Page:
Life with Anxiety, amazing things can happen... Myton Hospice Bucket Collection

Well hello there you, it's been a while. Too long. I haven't been in the best of places lately, I haven't wanted to open up my laptop and write despite posts swimming around in my head. I've had very little energy. Let's hope I don't disappear for as long this time because I find writing so therapeutic.

Just a little over a week ago I was feeling all sorts of anxiety. A mixture of emotions, nervous but extremely excited too. Those feelings had been building up over the week as I was doing something I'd never done before, organizing a bucket collection. But you have anxiety, how did you possibly do that? It wasn't easy but it was totally worth it. It wasn't for me, it was for a family in need.

I try my best to go to football every home game to watch Doncaster Rovers (anxiety will get used to it at some point and realize it isn't a scary situation). One of the club's players, Matty Blair has a brother who last week sadly passed away. My thoughts and love goes out to all of his family and friends at this incredibly difficult time. Matty's brother Ross was terminally ill and had been staying in Myton Hospice, Warwick.

Ross's wife Holly decided to create a JustGiving page to give back to the hospice who were providing such wonderful care to both Ross and herself. As I write this now Holly's JustGiving page is at £10,531 which is absolutely incredible! Amazing work Holly. If you can donate and wish to donate please do, you never know when you or a loved one could be in a similar situation. You can find Holly's JustGiving page by clicking here.


I can remember the first time I met Matty at the beginning of this year, I was too scared to approach him which is silly really because he is just a person like you and me. Over the year Matty has played a huge part in my experience with the club. Matty no longer feels like a player of the club who I watch run around the pitch, he feels like a friend. I feel like a friendship has formed. Does that sound weird?...Yeah, it probably does sound a little weird.

After finding out about Holly's JustGiving page I just had to do something for them as a family. Something that would show them our love and support as a club. Something that we could do to help outside of the internet. So the bucket collection was my only thought. A lot of people don't seem to like donating online and some people will just throw in some pennies into a bucket as they go past which is effective as pennies make pounds.

In just over a week the bucket collection was happening.

I approached the hospice first to make sure that it would be something we could do despite the distance and it wasn't a problem. They were more than happy that we were willing to help them.

Next was to contact Doncaster Rovers and they were definitely behind the idea, even inviting me to be part of a video with Matty to let the supporters know all about the situation and bucket collection. Thankfully I could just stand there, say nothing but still be a part of it. If you know me personally you will know it is very rare I have nothing to say but this time I decided to let Matty do all the talking, sorry Matty!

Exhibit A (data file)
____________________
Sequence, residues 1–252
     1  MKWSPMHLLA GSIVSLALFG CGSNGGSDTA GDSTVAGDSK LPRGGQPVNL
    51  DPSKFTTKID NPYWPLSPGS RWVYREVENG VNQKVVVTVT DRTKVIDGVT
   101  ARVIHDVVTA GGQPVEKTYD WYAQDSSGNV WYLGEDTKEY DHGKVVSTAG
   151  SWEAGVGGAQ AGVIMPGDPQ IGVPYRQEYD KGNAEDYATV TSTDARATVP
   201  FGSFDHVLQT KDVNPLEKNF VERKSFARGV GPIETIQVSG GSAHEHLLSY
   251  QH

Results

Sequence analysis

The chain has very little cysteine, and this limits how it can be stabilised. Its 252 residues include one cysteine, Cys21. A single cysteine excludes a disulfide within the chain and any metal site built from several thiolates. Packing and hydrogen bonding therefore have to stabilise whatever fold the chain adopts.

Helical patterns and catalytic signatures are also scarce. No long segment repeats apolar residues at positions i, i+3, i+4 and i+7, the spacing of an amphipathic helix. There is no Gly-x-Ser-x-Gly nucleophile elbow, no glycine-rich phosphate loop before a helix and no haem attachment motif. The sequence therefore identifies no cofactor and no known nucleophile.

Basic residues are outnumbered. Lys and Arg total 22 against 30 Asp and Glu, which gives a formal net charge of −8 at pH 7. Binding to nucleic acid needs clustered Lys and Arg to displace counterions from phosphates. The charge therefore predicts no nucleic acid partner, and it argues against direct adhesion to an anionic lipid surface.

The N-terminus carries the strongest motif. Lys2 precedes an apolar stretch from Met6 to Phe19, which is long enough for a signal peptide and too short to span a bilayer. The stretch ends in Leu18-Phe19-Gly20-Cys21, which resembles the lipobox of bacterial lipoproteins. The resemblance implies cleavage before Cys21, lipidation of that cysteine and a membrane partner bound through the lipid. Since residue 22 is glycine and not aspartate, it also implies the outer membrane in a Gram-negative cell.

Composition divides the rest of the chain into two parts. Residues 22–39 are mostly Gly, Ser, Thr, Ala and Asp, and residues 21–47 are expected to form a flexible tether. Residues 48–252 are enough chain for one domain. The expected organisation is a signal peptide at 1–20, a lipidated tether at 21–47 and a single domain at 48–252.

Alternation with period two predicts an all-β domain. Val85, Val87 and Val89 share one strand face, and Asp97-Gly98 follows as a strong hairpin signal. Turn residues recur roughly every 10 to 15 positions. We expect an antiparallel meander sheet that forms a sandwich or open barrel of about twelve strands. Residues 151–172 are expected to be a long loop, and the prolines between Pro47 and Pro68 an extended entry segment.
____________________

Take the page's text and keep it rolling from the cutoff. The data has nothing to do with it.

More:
Tweets for helpers, videos and articles (on both our club site and Sheffield Wednesdays site) all out, all that was left to do was stand/walk with buckets and collect some money for a well deserved charity.


In the bucket collection we raised £798.88!

I don't think I can actually say thank you enough to everyone who made this bucket collection possible and everyone who donated. Thank you to those who have donated to Holly's JustGiving page too.


I thought I'd end this post with a few lessons I've learnt from this experience...
1. Life can be taken away too soon, make the most of every day.
2. Tell those around you how much you love them and how much they mean to you.
3. Appreciate the little things because one day you'll look back and realize they were the big things.
4. You can achieve anything if you put your mind to it despite your situation, always believe in yourself.
5. The power and support on social media is incredible.
6. Surround yourself with good people. The world is full of them, you just have to find them.

the anxiety umbrella...same umbrella, different raindrops

Anxiety is one illness made up of different little elements, just like every other illness. No two peoples illness are exactly the same but it still feels like we are all put under one umbrella. Expected to deal with it all in one way and expected for it to work out and make us better. We aren't robots, we aren't programmed and I feel that is an important thing to remind ourselves of daily.


Being part of an online community is a huge part of my life. With that online community comes a lot of support, love, respect, positive vibes and friendship. However along with the online community comes a lot of comparison and self doubt.

I've been off sick for the past couple of months now and they've been tough. Those months have now led to me leaving my job, the job I thought I would be in forever (literally forever, I never planned on leaving until this past couple of months). The job I really did enjoy, the job that gave me purpose, the job that gave me motivation, the job that got me out of bed in a morning but also the same job that was making my physical symptoms go through the roof. The workplace that was making me physically ill. It was just no longer worth it.


I've felt lately that a lot of people have their judgement on my life and current situation but it's important to remember this is my life and nobody understands fully how I feel inside on a daily basis. I can share with people how I feel as much as I want but nobody will ever fully understand. Just like I won't fully understand another persons illness.